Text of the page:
Daily Market Update: Red flags unfurled as Osborne faces 'blue on blue'
Economic data releases have been few and far between ahead of the main event of the week, tomorrow’s ECB policy announcement and press conference.
Yesterday the only release of note concerned US housing starts. Housing starts came in above expectations in September, rising 6.5% m/m to a 1206k pace (consensus 1142k), but permits (which are a pre-cursor to starts) fell 5.0% to 1103k (consensus 1170k). Disappointing trade data from Japan has pushed equities higher as speculation mounts that the Bank of Japan will inject more quantitative easing into its economy. The BoJ next meets on 30th October. Japanese export growth has slowed for the third successive month down from 3.1% y/y in August to just 0.6% y/y in September. The latter was well below expectations and represents the weakest rate of export growth since August 2014. Back in June, Japanese export growth was rising at a robust 9.5%. The prospect of more monetary stimulus is positive for Japanese equities with Nikkei 225 index closing 1.9% higher this morning.
Elsewhere in other markets, the ongoing glut in oil continues with US crude stockpiles expected to rise again with figures due later today. Brent crude oil has pushed 1.3% lower over the last 24 hours and is currently trading at $48 pb. On the currency markets, sterling has softened against the dollar and the euro over the last 24 hours. Cable has fallen from $1.547 to $1.543. Meanwhile EUR/GBP has moved from 73.2p to 73.7p over the same period. EUR/USD is currently changing hands at $1.137, up from $1.133 at yesterday’s open.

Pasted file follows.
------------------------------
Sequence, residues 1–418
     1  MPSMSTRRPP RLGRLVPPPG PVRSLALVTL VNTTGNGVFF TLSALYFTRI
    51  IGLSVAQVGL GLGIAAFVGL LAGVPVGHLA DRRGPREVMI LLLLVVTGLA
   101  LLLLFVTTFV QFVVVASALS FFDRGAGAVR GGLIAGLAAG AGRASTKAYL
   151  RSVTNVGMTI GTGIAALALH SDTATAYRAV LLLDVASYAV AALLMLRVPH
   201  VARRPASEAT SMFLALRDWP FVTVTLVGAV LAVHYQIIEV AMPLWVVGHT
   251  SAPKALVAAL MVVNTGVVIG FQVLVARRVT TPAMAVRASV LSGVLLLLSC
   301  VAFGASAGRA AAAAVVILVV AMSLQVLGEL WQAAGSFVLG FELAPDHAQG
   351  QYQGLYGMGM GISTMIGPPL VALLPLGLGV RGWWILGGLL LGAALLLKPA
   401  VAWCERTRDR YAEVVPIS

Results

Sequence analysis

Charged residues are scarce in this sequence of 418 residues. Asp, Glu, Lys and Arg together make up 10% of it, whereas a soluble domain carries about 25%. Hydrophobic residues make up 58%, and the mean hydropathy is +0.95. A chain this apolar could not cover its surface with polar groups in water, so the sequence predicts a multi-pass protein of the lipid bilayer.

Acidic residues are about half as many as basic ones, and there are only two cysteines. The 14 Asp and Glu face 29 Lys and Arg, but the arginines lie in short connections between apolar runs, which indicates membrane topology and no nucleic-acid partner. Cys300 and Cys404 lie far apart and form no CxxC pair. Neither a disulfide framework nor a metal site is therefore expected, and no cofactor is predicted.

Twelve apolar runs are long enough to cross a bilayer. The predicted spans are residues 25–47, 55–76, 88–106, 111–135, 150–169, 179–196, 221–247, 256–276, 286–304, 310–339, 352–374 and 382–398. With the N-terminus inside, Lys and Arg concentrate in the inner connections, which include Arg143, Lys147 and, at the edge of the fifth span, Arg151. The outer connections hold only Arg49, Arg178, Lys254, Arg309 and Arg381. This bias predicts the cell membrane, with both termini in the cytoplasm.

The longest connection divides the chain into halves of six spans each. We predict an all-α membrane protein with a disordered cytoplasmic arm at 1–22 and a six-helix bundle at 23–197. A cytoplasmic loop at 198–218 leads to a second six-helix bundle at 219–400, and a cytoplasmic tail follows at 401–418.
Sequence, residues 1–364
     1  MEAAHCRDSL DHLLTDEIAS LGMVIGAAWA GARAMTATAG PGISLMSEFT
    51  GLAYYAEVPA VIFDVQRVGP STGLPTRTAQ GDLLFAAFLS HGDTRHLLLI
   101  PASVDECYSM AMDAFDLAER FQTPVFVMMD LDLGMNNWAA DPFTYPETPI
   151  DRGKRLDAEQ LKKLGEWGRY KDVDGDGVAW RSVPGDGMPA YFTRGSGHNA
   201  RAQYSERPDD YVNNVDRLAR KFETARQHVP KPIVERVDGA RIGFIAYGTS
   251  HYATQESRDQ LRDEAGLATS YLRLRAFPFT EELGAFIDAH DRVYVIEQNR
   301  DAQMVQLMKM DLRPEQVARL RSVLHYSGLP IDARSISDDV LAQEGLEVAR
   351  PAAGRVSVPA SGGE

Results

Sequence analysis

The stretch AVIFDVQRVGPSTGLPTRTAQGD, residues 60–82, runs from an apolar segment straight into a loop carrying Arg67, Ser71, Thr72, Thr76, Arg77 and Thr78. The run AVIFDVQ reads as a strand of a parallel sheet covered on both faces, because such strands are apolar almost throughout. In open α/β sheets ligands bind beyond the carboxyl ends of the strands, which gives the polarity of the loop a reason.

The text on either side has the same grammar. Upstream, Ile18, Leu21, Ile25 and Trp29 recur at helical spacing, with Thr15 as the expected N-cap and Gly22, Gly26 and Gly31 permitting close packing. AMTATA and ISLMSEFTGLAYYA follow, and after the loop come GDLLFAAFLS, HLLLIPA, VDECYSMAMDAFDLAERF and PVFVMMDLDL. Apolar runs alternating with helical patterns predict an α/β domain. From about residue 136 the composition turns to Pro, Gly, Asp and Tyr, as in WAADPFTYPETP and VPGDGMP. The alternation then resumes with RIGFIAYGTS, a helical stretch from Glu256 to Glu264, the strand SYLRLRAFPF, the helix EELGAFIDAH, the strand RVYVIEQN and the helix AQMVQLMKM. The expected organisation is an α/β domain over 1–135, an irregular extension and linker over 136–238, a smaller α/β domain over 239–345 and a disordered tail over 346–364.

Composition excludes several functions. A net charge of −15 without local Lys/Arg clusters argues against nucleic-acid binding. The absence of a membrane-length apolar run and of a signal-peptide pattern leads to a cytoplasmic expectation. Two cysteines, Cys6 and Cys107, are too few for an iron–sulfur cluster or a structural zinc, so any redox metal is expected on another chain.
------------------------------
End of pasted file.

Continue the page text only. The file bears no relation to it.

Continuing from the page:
Yesterday the MPC’s sole interest rate-hiker, Ian McCafferty, was speaking to Bloomberg. According to McCafferty, the Bank of England must not fall behind the curve when it comes to making its first interest rate hike since before the financial crisis, according a policymaker, who said Britain's robust economy has not been damaged by slowing growth in China. However, yesterday saw Tata Steel announce 1,200 job losses from its UK operations. So far this month there have been 4,000 UK steel jobs lost with the steelmaker and unions pointing the finger of blame at cheap Chinese steel imports.
This is another consequence from the oversupply of Chinese made steel and the lack of demand for steel in China’s slowing economy. While the red flags are out in London for China’s president Xi Jinping, George Osborne is facing some Tory ‘blue on blue’ friendly fire on his welfare spending plans. A number of Conservative MPs and members of the House of Lords have called for a rethink on the proposed cuts to working families’ tax credits. The UK’s public finance data for September is due today. However, financial markets are likely to pay more attention to Governor Mark Carney’s speech in Oxford tonight. There are no major data releases due in either the Eurozone or the US today.